Discussions to allow civil partnership ceremonies in Anglican churches appear to have been dropped – at least for the time being.
Equality campaigners believe the postponement reflects an “appalling” reluctance by some in the Church hierarchy to openly debate the issue of same-sex relationships.
But others believe it could reflect a behind the scenes shift at the top of the Church of England which they are convinced could open the way for an historic change in its approach to same-sex relationships by the end of this year.
Last month the Archbishop of York, Dr John Sentamu – a leading equal marriage critic – pointed out that the Church offers blessings for sheep and even trees but not committed same-sex couples, something he said would have to be addressed.
Describing the Marriage (Same Sex Couples) Bill as “an abuse of language” – he also said that unions between gay couples was a “matter which will need to be discussed”.
Colin Coward, director of the pro-gay Anglican campaign group Changing Attitudes said there is a “deep reluctance” by bishops to debate blessings publicly yet.
“I don’t think they have a common position at the moment and I think they don’t feel prepared for a debate,” he said.
But he added that discussions his group had been having suggest there is a “strong movement” in the House of Bishops towards recognising civil partnerships.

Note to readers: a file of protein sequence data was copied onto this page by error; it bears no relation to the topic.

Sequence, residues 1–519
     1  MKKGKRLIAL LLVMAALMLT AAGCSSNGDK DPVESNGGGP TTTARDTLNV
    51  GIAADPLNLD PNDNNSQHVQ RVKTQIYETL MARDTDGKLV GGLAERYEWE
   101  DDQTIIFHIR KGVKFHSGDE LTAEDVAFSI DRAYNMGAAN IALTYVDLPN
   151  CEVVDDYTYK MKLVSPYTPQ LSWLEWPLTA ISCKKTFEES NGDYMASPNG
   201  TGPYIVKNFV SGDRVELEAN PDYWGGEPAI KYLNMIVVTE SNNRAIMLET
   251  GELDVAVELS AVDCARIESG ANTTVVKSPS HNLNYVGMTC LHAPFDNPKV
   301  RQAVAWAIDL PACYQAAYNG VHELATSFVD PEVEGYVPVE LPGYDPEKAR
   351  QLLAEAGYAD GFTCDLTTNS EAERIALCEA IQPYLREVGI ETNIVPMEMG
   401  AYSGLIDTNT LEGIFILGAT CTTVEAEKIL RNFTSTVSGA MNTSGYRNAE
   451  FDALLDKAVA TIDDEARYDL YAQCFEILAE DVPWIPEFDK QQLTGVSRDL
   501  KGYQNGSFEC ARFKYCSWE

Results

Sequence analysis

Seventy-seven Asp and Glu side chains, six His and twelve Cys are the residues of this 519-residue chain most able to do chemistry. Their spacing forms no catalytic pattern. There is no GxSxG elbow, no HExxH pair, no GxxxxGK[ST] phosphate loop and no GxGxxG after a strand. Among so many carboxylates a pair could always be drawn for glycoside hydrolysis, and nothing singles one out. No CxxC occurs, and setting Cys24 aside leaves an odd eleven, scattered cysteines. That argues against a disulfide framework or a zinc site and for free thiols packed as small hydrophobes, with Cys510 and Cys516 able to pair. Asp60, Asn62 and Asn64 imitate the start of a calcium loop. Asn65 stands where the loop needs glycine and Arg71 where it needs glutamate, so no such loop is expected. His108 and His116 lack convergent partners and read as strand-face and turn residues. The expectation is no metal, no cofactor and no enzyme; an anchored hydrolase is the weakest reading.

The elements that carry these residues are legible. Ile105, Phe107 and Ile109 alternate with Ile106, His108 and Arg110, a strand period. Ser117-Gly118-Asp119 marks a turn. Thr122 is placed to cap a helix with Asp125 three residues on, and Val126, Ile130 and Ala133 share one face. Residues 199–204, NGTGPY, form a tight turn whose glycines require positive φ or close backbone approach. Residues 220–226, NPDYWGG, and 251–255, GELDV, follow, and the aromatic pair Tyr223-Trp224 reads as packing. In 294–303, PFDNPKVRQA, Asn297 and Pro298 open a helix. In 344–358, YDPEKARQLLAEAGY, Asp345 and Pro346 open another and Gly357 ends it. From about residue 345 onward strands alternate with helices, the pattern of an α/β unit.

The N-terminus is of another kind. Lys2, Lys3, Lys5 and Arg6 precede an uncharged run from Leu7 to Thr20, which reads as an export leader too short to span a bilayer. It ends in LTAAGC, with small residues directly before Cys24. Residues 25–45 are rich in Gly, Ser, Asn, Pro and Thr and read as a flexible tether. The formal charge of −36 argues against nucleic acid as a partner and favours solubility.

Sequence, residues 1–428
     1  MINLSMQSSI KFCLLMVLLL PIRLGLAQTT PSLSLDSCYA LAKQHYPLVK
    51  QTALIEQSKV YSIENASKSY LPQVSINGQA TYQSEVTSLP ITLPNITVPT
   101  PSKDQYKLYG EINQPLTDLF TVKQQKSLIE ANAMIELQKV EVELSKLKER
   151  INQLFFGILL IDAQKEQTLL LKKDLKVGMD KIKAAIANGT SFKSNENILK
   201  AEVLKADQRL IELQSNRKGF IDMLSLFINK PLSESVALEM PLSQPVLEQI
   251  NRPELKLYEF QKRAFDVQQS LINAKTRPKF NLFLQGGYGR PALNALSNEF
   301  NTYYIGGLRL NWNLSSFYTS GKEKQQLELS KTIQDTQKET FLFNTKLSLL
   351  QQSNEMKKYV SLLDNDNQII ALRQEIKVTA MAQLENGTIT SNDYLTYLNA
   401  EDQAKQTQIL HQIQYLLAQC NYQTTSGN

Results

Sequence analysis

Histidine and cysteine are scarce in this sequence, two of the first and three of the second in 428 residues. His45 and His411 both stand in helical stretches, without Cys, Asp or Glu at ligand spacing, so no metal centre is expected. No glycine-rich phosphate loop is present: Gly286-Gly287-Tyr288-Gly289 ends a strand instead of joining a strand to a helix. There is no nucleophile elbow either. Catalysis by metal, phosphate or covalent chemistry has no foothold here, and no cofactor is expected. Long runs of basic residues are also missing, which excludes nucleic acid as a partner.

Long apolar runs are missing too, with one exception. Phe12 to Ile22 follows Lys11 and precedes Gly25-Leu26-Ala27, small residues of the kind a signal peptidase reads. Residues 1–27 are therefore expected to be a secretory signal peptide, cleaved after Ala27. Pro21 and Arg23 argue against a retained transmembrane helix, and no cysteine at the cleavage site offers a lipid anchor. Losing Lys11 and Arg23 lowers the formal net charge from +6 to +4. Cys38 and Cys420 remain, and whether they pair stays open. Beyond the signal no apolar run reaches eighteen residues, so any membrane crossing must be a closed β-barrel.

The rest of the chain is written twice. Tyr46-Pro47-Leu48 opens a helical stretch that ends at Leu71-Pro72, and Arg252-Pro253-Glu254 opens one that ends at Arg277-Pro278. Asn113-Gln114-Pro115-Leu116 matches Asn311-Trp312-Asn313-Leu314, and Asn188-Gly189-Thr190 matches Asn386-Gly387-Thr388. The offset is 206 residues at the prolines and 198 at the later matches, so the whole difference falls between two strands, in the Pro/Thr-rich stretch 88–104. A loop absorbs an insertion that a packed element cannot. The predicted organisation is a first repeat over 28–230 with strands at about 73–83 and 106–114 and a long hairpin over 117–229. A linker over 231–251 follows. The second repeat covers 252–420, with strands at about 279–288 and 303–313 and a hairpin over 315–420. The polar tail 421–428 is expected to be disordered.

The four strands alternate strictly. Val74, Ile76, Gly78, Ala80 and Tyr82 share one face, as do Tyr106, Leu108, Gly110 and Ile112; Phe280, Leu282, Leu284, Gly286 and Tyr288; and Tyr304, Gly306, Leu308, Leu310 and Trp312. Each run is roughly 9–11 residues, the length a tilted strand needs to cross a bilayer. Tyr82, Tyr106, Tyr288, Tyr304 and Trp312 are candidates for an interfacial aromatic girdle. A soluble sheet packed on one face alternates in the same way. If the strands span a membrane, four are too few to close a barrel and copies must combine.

He said it was now widely “assumed” that the bishops would address the issue once a commission examining the Church’s teaching on sexuality, chaired by the former civil service mandarin Sir Joseph Pilling, publishes its report.
The Bishop of Buckingham, the Right Reverend Dr Alan Wilson, earlier this year criticised the Church of England’s refusal to allow blessings for civil partnerships, and said that some parishes were ignoring the ban in order to avoid conflict.
Church of England rules prevent priests conducting civil partnership ceremonies or performing formal “blessing” services for same-sex couples.
A report by the Church’s Faith and Order Commission in March urged priests not to treat the issue of recognising civil partnerships as “simply closed”.
Scores of such services take place under the radar across the country every year, usually called services of thanksgiving or dedication to avoid falling foul of the rules.
Liberal priests, who already conduct unofficial dedication and thanksgiving for gay couples, said the report amounted to the first official endorsement for what they do.